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Do The Two-Step In These Designer-Favorited Boots

Meet the sister act behind the cowboy boots with a New York Fashion Week runway debut

When Prabal Gurung needed cowboy boots to wear to Barbara Bush’s wedding festivities, he surfed the web and discovered Miron Crosby, a fashionable collection created by two sisters in Dallas. Five months later, he had not only a pair for himself but also eight Miron Crosby x Prabal Gurung styles strutting his runway at New York Fashion Week Spring/Summer 2020.

“My whole collection for spring was about who gets to be an American, defining new Americana, and I wanted to pay respect to American heritage,” says Nepalese American fashion designer Gurung. “It was amazing that I could find two women who own this business. It’s really important that women are at the forefront of the conversation, especially in fashion, especially in culture.” Once merely a pipe dream for Lizzie Means Duplantis and Sarah Means, their two-year-old brand of fanciful cowboy boots is now a thriving enterprise.

Boots were always part of life for the sisters, who grew up outside Marfa, Texas, on an expansive cattle ranch. The girls were given a new pair for every birthday and important occasion, and each was handcrafted at their cousins’ company, Rios of Mercedes, a legacy boot maker in the Rio Grande Valley. “We had a lot of autonomy over the design of our boots because of our unprecedented access to Rios,” Means says.

Brooke Crème boot.

When they moved, separately, to New York to pursue careers—Means Duplantis in finance and Means in fashion—the sisters brought their boots. “We would get stopped all the time by people asking where we got them and where they could get similar styles, but Rios doesn’t sell directly to consumers,” Means explains. “We felt like they were more elevated and fashionable than what was available.”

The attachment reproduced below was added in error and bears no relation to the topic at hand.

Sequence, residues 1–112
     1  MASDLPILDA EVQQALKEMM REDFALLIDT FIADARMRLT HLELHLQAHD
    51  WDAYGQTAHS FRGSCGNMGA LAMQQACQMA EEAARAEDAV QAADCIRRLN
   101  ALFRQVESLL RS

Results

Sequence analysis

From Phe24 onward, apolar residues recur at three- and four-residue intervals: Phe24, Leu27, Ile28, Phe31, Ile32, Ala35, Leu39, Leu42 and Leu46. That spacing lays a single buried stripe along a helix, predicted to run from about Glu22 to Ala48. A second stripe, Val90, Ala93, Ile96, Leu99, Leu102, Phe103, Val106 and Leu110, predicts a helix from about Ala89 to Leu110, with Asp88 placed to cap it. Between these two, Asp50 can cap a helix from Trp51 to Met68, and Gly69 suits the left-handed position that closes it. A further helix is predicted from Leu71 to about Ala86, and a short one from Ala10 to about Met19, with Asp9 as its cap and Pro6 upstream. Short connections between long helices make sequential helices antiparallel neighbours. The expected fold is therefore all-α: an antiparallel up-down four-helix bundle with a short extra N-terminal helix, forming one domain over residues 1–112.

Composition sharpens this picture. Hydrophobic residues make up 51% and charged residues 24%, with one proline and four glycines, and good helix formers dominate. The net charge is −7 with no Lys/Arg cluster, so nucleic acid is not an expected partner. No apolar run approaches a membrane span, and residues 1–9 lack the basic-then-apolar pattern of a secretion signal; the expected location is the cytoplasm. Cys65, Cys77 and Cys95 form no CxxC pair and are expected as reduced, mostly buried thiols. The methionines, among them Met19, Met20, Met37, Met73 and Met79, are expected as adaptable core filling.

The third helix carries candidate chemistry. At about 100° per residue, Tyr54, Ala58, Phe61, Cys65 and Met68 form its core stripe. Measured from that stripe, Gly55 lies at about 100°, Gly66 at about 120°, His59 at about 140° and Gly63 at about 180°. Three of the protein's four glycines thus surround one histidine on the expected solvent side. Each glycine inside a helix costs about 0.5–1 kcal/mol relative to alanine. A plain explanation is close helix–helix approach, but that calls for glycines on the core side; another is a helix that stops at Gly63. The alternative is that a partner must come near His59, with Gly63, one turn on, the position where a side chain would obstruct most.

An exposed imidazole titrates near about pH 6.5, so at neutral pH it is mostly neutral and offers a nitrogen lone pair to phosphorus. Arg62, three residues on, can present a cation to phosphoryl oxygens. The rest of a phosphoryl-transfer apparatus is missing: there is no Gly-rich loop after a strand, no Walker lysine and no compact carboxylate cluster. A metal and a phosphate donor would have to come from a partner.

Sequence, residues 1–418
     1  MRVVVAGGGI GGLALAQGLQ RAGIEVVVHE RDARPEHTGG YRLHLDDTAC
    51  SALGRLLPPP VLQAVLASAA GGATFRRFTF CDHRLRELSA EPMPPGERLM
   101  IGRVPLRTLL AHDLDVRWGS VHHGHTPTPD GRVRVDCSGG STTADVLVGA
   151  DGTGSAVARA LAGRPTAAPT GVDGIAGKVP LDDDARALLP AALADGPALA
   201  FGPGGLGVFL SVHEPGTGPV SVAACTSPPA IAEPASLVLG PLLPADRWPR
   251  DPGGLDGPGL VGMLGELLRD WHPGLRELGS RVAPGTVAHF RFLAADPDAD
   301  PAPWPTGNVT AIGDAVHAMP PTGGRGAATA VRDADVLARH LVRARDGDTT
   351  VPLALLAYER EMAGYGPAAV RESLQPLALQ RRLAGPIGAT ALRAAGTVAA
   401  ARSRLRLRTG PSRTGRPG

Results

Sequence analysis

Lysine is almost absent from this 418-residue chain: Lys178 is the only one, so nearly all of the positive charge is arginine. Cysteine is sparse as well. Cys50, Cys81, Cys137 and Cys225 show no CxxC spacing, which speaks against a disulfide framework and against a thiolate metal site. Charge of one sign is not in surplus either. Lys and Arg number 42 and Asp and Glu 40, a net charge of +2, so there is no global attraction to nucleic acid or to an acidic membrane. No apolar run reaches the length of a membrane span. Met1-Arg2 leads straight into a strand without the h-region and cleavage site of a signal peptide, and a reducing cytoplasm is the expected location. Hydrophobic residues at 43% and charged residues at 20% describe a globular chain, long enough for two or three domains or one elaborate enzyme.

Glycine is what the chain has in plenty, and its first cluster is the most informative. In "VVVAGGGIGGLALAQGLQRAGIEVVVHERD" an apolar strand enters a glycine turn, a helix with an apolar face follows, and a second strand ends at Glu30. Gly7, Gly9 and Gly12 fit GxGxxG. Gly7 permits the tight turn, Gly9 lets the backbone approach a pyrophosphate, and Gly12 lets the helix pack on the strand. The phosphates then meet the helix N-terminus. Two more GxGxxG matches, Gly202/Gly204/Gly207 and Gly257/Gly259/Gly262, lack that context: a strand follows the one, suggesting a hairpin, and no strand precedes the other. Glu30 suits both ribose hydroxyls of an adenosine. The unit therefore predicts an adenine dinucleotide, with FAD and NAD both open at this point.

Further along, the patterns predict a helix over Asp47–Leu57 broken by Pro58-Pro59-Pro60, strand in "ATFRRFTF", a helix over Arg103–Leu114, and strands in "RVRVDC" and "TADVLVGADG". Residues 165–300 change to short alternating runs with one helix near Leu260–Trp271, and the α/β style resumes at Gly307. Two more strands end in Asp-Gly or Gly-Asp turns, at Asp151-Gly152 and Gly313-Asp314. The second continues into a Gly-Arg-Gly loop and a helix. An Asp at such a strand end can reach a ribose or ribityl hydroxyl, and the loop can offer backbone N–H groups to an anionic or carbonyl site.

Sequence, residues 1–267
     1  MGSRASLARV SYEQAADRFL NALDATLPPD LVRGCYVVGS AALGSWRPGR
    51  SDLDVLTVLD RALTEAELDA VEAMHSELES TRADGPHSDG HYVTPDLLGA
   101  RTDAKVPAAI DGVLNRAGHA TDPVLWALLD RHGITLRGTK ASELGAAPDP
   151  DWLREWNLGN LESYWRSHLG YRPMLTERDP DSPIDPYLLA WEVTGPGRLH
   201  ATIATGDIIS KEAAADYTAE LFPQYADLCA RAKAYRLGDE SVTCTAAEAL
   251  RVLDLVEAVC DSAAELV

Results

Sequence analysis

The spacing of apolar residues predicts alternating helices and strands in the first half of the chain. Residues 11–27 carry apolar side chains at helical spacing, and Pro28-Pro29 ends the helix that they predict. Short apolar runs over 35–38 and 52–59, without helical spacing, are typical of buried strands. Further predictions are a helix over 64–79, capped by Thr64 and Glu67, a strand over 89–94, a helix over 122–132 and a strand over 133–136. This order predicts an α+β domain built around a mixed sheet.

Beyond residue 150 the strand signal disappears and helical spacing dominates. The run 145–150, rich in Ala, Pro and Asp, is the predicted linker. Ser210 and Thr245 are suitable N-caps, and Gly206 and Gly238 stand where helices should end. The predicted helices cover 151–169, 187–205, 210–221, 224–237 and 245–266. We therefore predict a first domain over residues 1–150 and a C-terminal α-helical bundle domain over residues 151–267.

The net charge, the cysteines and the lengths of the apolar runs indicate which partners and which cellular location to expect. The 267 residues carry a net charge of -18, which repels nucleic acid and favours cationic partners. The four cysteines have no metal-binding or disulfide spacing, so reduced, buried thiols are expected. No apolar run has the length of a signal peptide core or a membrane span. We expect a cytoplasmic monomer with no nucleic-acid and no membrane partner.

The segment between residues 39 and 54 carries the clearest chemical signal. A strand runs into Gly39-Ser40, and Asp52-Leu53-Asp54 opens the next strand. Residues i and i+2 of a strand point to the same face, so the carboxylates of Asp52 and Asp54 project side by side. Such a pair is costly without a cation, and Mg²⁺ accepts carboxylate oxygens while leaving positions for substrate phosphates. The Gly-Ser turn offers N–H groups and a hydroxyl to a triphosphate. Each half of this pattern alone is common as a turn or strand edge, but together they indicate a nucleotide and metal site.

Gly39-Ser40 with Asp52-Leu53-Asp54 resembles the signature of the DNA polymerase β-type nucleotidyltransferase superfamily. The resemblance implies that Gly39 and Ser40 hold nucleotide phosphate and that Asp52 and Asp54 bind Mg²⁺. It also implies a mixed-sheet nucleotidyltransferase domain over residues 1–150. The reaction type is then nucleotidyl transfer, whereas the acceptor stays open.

Sensing real opportunity in their pie-in-the-sky ambition, the sisters started working on their brand in early 2016 and launched a year later. “We started Miron when I was pregnant with my third child and Sarah was in the middle of law school—it was really good timing,” jokes Means Duplantis. “The response was validating, so we rolled with it.” Miron Crosby stays true to authentic silhouettes and superb craftsmanship while jazzing the boots up with whimsical inlays, appliqués, leather fringe tassels, and contrasting skins and colors.

Margretta boot.

Their best seller is the Margretta, a classic tall boot decorated with stars and moons as tribute to the spectacular night skies and crescent-moon cattle brand at the family ranch. “The stars are jumping—not shooting—for good luck and optimism and well-wishing,” Means notes.

Miron Crosby has a store in Dallas at Highland Park Village where you can customize boots with letters and motifs. The boots are all leather, from the stacked heel to the Goodyear welt, and from the soft lining to seams hammered flat for comfort. The sisters collaborate on design and split other duties: Means Duplantis supervises business operations, and Means oversees marketing and production.

“We worked really well from the get-go and found our lanes,” says Means Duplantis, the elder by almost nine years. “It’s really fun, and we laugh a lot. One of the struggles is because we are together so often and so excited about the business, we sometimes don’t take time just to be sisters. We really try to find the time where we can just talk about boys and shop online.”

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